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"Canada can, within a positive friendly atmosphere, ask the Chinese government to resolve the Tibetan situation."

China's Panchen Lama cites Buddha to praise Beijing

March 23, 2009

By Ben Blanchard
March 22, 2009

BEIJING, March 22 (Reuters) -- The Tibetan
anointed by Beijing as the region's
second-ranking spiritual leader was quoted by
Chinese state media on Sunday as saying the
teachings of Buddhism justify the Communist
Party's rule in his remote homeland.

His comments came two weeks after the exiled
Dalai Lama said 50 years under Communism had
brought "untold suffering" and turned the region
he once ruled as spiritual and temporal leader into a "living hell".

Gyaltsen Norbu, recognised by China as the 11th
incarnation of the Panchen Lama but spurned by
many Tibetans, said the last few decades had
brought freedom and prosperity to the people of
Tibet, thanks to the "wise" leadership of the Party.

The 19-year-old, writing in an editorial in Party
mouthpiece the People's Daily to be published on
Monday, cited a line of Buddhist scripture about
good leaders leading to happy people.

"What this means to me is that only with wise
leaders will the country be peaceful and the
people happy," the Panchen Lama said in the
article, carried a day early by the official Xinhua news agency.

"Facts prove that only under the leadership of
the Communist Party has there been today's
prosperous development in Tibet, and only under
their leadership will there be an even better future."

He said he would continue, as his predecessors
did, to uphold the "four great loves" -- of the
Communist Party, of socialism, of his own people and of religious belief.

"I will ... spare no effort (to protecting)
national unity, the unity of the people and their
happiness, and do so for the rest of my life," the Panchen Lama added.

March is the sensitive 50th anniversary of the
Dalai Lama's flight to India and the first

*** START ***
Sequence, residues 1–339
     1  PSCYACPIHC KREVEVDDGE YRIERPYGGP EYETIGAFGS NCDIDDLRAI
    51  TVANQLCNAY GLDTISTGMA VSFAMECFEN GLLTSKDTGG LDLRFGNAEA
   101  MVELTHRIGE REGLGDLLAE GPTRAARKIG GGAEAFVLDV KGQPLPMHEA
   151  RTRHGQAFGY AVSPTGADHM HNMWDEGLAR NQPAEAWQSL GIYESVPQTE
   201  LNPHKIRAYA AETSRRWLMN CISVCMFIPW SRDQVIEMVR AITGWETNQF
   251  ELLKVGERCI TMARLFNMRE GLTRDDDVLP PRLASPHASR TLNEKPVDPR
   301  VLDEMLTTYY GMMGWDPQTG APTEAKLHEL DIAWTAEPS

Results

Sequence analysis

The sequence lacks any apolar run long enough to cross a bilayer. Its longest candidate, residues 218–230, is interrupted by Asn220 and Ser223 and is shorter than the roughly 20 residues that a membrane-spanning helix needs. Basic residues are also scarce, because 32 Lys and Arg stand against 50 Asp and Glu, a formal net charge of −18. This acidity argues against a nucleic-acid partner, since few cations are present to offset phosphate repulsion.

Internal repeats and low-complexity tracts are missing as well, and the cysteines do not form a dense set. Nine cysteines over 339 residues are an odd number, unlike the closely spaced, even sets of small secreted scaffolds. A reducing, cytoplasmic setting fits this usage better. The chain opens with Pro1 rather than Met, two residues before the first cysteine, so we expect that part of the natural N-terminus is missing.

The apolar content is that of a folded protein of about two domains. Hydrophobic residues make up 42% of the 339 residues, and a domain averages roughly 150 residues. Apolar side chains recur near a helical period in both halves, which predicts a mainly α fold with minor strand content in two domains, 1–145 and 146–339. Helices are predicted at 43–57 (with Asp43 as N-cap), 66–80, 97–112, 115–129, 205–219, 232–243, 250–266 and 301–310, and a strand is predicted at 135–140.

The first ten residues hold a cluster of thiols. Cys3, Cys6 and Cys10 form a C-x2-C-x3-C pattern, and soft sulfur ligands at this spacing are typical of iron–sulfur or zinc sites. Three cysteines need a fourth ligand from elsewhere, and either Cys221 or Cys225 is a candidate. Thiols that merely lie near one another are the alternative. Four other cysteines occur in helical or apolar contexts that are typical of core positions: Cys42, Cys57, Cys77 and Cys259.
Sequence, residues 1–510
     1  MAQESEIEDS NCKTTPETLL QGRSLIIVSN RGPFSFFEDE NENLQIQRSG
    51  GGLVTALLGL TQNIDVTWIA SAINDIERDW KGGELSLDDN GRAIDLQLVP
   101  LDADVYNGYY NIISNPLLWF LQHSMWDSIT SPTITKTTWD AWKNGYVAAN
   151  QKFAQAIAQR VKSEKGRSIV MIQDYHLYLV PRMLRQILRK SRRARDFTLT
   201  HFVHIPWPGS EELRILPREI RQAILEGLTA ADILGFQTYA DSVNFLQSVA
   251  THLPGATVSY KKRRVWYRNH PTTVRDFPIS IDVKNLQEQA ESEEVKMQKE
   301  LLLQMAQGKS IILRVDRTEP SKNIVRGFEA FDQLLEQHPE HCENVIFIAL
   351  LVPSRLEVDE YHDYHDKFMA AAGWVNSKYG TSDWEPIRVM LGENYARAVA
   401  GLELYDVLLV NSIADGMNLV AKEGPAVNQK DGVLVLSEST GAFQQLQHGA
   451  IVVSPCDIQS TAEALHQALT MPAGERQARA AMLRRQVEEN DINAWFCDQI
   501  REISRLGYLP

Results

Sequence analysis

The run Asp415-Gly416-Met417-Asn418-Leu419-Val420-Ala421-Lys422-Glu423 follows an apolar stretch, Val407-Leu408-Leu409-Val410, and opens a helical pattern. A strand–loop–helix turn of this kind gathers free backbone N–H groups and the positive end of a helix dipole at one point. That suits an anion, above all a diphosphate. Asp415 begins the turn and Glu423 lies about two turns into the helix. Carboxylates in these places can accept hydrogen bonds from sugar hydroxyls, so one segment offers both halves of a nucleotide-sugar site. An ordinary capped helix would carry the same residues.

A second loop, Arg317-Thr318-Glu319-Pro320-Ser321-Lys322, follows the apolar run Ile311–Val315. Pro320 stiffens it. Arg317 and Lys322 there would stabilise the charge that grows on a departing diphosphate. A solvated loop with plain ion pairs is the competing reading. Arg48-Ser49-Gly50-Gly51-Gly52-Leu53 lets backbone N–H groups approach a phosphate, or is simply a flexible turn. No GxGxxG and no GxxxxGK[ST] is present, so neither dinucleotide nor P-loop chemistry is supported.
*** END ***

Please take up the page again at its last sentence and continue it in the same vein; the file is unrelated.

anniversary of deadly riots in Lhasa that sparked
waves of protests in Tibetan areas. China brands
the Nobel Peace Prize winner a separatist.

This year Beijing has promised stability and
sealed off ethnic Tibetan parts of the country to
all foreigners, while launching a campaign to
celebrate achievements it says include economic
progress and the abolition of serfdom.

Many Tibetans outside China dispute these
achievements, saying they were launching their
own reforms and Beijing's depiction of
traditional society is a distorted caricature.

But the Panchen Lama said that as a descendent of
serfs he was "extremely moved" by the campaign to
celebrate the abolition of serfdom, which he said
had bought a sea change to the lives of ordinary Tibetans.

"Facts speak louder than words. Only with the
Communist Party did the serfs of old find dignity and freedom," he said.

China has poured billions of dollars into
modernising Tibet but a dispute over the Panchen
Lama's position has left a void that could foster
conflict and violence after the death of the Dalai Lama, now 73.

Another 5-year-old boy was chosen by the Dalai
Lama as successor to the 10th Panchen Lama in
1995, but he has disappeared from public view since his selection became known.

China's critics call him the world's youngest
political prisoner. Beijing says he does not want
publicity and has a normal life with his family.

(Editing by Dean Yates)
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